Driven to do it DIY

A costly collision forces a Torbay student to repair his car at home.

Garnet Edinger says the crash damage to his 2015 Nissan Leaf was too costly. To save money, the engineering student decided to learn how to make the repairs himself. Zac Green/Kicker

 

Zac Green
Kicker

This is going to be really expensive, thought Garnet Edinger as his 2015 Nissan Leaf slid into a pole. 

On an early November night, Edinger and a friend were driving home after seeing a movie. The roads, which were clear earlier that night, now had an unexpected layer of snow on them.

The roads had become slick.

The sudden snowfall meant Edinger didn’t have time to properly prepare, and his car didn’t have snow tires on it because it was so early in the year. He lost control while making a left turn onto Marine Drive. 

While both people in the car were OK, the car sustained a lot of damage. 

The front bumper, radiator, air conditioning condenser, the hood and the fenders were damaged.

His insurance provider estimated repair costs could range up to $14,000. The prices were mainly based on the age of the car, only using new parts, and having the work done by a professional garage. 

“I did not want the materials in the car that are perfectly fine … basically going to waste,” Edinger said, an engineering student at Memorial University.

Gary Hickey, an auto body instructor at College of the North Atlantic, says body repair costs can vary due to many factors.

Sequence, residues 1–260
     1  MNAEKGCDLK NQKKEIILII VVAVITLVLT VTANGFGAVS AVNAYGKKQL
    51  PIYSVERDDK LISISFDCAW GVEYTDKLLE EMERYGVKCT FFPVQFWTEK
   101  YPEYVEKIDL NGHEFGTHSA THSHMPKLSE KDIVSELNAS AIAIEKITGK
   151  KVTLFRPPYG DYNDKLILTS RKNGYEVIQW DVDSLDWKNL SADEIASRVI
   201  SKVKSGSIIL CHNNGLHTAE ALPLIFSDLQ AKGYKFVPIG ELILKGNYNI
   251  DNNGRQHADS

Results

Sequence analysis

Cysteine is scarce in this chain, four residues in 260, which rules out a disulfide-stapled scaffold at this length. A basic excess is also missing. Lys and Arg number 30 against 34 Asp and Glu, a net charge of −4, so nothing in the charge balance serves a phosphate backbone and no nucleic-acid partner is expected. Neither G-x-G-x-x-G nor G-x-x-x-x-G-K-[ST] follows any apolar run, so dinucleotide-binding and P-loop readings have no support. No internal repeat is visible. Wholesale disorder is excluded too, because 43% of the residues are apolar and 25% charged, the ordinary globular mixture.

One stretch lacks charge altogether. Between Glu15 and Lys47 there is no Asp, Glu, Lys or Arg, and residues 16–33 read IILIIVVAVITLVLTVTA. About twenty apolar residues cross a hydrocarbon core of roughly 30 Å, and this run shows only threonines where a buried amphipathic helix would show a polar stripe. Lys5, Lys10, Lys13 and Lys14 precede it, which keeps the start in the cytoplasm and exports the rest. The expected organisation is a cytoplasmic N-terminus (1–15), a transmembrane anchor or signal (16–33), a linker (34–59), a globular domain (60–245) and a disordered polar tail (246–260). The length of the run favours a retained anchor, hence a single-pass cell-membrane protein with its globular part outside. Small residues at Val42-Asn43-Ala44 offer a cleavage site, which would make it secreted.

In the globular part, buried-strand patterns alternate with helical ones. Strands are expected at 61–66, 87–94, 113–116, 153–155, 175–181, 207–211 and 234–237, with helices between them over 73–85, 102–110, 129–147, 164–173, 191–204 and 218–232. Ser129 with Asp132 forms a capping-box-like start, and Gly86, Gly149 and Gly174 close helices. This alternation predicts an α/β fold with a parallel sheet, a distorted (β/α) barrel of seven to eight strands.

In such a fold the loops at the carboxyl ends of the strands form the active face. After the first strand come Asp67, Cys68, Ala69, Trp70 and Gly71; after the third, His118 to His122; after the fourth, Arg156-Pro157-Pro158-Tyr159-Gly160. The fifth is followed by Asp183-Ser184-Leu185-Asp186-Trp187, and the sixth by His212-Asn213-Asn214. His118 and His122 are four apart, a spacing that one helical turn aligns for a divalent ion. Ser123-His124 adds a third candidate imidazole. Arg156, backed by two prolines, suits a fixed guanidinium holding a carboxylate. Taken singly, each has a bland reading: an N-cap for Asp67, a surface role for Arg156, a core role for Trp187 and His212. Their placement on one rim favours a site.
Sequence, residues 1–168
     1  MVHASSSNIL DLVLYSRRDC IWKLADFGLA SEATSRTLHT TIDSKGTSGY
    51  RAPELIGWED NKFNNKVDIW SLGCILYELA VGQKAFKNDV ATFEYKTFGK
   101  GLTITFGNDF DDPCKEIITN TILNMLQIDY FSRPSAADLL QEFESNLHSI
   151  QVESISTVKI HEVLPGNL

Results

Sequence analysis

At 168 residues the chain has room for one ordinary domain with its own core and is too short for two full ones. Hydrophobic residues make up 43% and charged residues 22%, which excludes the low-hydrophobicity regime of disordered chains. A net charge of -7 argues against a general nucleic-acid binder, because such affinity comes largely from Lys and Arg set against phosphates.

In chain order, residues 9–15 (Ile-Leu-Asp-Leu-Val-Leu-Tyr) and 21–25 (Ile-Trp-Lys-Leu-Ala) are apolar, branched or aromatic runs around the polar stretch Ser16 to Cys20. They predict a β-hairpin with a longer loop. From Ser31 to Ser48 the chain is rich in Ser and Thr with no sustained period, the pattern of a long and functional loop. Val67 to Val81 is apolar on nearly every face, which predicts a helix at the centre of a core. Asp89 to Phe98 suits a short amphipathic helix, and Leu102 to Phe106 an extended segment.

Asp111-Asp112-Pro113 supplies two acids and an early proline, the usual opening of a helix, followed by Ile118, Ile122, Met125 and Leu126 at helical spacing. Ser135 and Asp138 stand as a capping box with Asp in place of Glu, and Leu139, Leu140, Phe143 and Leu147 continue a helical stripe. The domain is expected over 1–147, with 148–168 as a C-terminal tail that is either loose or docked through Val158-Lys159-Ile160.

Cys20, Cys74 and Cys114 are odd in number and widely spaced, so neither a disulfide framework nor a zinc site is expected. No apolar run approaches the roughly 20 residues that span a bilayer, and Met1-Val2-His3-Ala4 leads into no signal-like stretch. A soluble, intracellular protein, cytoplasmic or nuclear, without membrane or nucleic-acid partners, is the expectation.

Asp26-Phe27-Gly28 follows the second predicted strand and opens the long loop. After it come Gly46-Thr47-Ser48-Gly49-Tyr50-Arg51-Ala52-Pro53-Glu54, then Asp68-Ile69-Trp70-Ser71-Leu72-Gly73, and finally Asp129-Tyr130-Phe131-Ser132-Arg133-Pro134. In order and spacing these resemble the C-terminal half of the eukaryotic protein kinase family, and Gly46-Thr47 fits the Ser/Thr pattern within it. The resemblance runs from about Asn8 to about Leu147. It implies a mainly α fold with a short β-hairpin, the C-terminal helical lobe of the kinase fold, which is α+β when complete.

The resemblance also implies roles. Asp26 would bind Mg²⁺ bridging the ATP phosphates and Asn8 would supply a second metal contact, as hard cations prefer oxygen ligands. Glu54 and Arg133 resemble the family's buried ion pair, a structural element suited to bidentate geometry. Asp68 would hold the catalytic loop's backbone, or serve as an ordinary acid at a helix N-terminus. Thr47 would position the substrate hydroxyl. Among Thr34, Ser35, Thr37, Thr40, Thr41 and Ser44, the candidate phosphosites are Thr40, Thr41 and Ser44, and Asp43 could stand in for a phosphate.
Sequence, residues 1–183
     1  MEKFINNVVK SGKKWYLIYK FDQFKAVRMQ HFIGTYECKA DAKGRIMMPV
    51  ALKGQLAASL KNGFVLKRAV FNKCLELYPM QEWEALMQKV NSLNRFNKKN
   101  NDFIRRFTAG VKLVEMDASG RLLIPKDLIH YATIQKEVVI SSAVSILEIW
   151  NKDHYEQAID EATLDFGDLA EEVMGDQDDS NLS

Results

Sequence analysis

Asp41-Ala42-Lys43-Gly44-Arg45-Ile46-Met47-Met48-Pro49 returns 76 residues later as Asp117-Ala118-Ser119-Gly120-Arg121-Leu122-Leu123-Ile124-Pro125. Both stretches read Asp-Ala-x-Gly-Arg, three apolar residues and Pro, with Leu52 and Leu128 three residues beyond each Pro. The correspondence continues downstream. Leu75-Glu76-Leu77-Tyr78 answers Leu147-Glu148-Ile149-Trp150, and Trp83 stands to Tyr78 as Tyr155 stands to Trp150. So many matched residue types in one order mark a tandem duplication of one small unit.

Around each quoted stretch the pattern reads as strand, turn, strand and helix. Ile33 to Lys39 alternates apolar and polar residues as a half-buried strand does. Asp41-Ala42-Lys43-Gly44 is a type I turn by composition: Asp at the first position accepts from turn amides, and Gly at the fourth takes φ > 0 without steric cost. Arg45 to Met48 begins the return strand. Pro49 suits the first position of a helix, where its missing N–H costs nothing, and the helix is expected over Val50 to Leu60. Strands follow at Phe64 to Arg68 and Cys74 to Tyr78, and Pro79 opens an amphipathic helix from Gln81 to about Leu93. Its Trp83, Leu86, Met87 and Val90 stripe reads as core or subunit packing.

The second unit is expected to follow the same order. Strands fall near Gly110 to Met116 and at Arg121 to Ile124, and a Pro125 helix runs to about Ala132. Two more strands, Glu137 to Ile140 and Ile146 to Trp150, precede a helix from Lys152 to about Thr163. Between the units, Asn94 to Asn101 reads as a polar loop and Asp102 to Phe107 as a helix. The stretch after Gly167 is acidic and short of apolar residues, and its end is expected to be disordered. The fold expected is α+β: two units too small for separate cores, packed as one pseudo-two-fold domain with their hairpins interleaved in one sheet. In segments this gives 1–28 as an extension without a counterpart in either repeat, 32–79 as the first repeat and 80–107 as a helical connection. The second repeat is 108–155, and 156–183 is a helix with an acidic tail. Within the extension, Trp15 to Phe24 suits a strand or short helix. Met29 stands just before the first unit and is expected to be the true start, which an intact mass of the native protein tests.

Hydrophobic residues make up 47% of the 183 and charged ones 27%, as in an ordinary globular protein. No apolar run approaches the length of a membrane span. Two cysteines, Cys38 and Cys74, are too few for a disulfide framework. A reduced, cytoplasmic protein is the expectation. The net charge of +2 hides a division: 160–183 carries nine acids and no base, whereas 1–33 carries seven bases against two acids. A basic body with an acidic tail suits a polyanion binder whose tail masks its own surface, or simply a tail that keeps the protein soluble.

“There’s different (alterations) for different vehicles, different types, and that would transfer different times into the labour.” 

National hourly labour rates at auto body shops hover around $60 for frame and structural repairs, $50 for body work, and $32 for paint.

Rather than write it off, Edinger decided to work himself. He found parts online, but they were very expensive. A new radiator would cost nearly $400, and an air conditioning condenser would be up to $765.

“The hood cost $1,700 by itself,” said Edinger. 

The parts for Edinger’s car were so expensive because of the model of his car.

“From 2013 to 2017 when they (Nissan) switched over to a different design, (there were) only a million (Leaf’s made),” said Edinger. 

Instead of paying for all new parts, he bought a used Nissan Leaf that he found in Toronto for $3,500. He then took the parts of that car and installed them on his.

The chemical engineering student had some experience with carpentry and working with small electronics, but never worked on a car before. 

“It was good,” he said about the challenge. “I enjoyed working on it. I like learning new things.” 

While school and waiting for the donor car to be shipped from Toronto has drawn the project out to four months, he only has fit and finish work left before taking his vehicle for an inspection and getting back on the road.

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